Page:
Skiing and Vegetation
Pp. 65-78 (14)
Impacts of skiing on alpine and subalpine vegetation are expressed by
multiple disturbances: snow is being compacted by skiers and heavy machinery, new
ski pistes are constructed by means of machine-grading and, increasingly, artificial
snow is being produced by snow-making facilities.
This review compiles studies on ski piste vegetation from more than three centuries and
skiing destinations across the world and distinguishes between different types of
disturbances and elevations. Skiing in general can exert disturbances in the vegetation
because of the changed snow conditions. The compaction of the snow can induce hard soil
frost and mechanically damage plants. Machine-grading in summer to create smooth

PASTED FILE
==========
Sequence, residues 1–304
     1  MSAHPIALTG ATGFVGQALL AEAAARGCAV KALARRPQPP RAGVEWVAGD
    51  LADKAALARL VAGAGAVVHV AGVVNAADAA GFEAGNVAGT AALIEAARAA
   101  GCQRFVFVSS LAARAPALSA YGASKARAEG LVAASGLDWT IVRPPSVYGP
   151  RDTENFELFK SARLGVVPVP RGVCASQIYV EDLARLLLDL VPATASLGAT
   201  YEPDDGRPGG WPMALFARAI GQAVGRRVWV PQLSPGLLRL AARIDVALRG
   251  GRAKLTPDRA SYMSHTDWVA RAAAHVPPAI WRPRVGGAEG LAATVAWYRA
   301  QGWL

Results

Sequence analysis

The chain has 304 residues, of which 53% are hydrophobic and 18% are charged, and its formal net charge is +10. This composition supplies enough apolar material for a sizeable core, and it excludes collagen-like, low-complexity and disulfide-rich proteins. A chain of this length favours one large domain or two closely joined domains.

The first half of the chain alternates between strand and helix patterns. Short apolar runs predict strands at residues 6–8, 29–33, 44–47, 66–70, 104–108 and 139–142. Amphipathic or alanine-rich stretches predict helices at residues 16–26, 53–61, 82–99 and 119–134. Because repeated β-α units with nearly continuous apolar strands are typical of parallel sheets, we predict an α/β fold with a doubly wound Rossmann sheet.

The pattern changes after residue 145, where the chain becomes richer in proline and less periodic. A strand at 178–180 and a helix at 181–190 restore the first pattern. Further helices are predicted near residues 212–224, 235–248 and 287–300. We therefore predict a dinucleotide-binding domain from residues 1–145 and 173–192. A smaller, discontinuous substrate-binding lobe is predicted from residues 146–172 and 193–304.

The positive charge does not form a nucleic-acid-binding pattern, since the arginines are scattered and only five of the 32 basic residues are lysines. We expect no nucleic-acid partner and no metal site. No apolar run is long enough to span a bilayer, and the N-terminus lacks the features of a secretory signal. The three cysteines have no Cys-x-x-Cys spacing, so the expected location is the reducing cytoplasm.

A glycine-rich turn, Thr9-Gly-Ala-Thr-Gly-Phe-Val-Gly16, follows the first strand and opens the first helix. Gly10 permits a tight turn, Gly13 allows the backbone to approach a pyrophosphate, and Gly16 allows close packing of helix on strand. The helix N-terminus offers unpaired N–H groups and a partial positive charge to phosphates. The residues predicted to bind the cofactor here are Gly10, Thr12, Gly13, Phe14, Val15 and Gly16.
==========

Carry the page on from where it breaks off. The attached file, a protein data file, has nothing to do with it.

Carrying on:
surfaces represents the most drastic disturbance on ski pistes especially at elevations around
and above treeline. Artificial snow production has the potential to change vegetation
through an input of water and ions and through postponing the time of melt-out.
Restoration measures to re-establish local vegetation after machine-grading have improved
considerably in the last decades, however, still the vegetation and soil rarely fully recovers
after major disturbance. If constructions are unavoidable, it is vitally important that
restoration measures follow restoration guidelines that represent today’s state of the art.
Alpine vegetation, artificial snow, machine-grading, restoration, skipiste
construction, snow, snow-making.
WSL Institute for Snow and Avalanche Research SLF, Flüelastrasse 11, 7260 Davos Dorf, Switzerland